Global medical care faces a unique set of challenges. Perhaps chief among them is the way in which healthcare providers can effectively manage risks. As in many industries, strong risk mitigation practices build reputation and improve efficiency. But more importantly, a focus on maintaining security and privacy protocols reduces the exposure of facilities and patients to breaches. Bitcoin could be a component of these efforts.
One of the privacy and security risks of traditional international transactions is that there is a very direct digital paper trail of patients’ financial and personal data. When breaches occur, criminals can gain access not only to financial information but also link it to medical records. Patients also cannot always guarantee the same level of regulatory data protection standards abroad as at home.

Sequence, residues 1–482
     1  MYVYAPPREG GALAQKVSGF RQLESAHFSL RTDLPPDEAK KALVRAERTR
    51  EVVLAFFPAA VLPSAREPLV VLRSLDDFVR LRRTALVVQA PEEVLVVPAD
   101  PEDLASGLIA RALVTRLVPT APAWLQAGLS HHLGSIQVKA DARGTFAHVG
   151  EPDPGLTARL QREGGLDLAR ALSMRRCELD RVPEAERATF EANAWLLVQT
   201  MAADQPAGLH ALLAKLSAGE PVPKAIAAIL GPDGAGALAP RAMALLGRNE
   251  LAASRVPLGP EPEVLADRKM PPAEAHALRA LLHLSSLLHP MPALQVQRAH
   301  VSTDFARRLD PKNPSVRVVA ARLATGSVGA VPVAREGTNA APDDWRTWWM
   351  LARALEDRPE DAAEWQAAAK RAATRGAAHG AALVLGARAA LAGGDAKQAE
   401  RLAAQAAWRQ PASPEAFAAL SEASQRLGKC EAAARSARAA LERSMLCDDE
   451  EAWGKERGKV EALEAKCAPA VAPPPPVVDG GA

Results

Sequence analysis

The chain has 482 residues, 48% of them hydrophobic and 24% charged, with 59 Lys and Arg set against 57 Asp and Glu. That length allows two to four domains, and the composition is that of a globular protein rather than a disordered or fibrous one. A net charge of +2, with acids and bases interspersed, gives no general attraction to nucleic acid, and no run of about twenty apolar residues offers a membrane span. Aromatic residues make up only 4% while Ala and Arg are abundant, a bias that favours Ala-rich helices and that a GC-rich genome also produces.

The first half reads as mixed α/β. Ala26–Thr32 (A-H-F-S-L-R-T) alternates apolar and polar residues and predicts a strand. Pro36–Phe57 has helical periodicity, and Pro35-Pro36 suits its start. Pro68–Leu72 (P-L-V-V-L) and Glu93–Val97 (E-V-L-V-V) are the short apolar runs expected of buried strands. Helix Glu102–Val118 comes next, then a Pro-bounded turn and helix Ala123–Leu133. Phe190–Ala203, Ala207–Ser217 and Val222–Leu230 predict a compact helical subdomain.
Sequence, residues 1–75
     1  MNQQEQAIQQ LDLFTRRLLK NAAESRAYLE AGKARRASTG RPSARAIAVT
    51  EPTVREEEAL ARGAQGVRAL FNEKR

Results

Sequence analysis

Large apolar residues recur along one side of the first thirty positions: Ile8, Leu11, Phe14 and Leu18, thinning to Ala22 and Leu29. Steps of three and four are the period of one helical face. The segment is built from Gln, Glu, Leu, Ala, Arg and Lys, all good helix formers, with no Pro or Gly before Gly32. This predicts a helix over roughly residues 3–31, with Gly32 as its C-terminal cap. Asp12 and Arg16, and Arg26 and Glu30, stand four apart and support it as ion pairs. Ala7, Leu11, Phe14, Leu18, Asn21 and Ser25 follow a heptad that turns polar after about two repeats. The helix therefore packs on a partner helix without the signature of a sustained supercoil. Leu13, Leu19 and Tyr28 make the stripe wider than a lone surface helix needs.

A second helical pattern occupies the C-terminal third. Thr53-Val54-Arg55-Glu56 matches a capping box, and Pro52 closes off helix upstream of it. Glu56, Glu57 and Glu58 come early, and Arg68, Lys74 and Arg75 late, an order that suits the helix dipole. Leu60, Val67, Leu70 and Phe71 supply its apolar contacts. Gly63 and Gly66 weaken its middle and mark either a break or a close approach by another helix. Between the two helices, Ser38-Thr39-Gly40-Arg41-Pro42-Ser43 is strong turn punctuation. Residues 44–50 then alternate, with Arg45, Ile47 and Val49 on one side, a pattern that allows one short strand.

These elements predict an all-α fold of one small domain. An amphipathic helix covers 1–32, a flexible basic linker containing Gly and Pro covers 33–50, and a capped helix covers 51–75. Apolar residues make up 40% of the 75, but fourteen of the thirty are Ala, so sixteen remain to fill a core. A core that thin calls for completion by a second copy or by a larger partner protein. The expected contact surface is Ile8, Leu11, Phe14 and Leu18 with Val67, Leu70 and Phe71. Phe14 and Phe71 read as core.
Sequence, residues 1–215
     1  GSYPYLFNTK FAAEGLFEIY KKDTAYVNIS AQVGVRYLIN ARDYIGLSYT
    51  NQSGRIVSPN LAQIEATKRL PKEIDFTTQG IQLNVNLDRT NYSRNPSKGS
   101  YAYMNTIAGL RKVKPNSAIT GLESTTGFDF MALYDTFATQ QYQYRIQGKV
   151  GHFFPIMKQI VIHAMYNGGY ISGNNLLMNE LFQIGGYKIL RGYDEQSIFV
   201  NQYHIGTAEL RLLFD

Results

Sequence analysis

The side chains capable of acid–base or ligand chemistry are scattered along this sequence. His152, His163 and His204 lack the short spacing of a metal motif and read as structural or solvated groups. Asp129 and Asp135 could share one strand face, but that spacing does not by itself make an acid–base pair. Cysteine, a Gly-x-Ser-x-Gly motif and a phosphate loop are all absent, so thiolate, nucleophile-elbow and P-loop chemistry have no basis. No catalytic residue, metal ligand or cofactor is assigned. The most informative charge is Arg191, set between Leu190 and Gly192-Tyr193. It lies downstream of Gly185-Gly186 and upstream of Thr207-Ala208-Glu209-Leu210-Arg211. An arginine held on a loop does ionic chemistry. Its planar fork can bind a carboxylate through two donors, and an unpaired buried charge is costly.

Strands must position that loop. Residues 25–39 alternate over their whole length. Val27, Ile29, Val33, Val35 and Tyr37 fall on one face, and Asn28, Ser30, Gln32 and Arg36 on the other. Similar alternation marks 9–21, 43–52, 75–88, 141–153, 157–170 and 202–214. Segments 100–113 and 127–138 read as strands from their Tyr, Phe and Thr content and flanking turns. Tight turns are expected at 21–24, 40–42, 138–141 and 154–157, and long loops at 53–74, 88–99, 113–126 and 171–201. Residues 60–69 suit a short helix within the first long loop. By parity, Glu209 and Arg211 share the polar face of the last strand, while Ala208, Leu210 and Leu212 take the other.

Bitcoin, on the other hand, offers built-in security and privacy protocols. First, they are exchanged and stored on blockchain systems. This tends to make it particularly difficult for cybercriminals to access the ledger and extract coins or, more importantly, sensitive information.
Additionally, the decentralized nature of Bitcoin means that transactions can be anonymized to some extent. This means patients can reduce the possibility of Bitcoin transactions being traced back to them and their medical data. That said, maintaining anonymity requires effective protocols. For example, patients could use IP address masking tools during transactions. They could also agree with medical providers to use pseudonyms for transactions.
Linking investment to payments
One of the often overlooked components of Bitcoin regarding global healthcare is its built-in investment protocols. When patients use their credit or debit card to pay for treatment abroad, this currency does not necessarily benefit from potential increases in value. Of course, funds deposited into medical savings accounts can earn interest over time. Yet the currency conversion fees mentioned above could still have a negative impact when it comes time to pay for services abroad.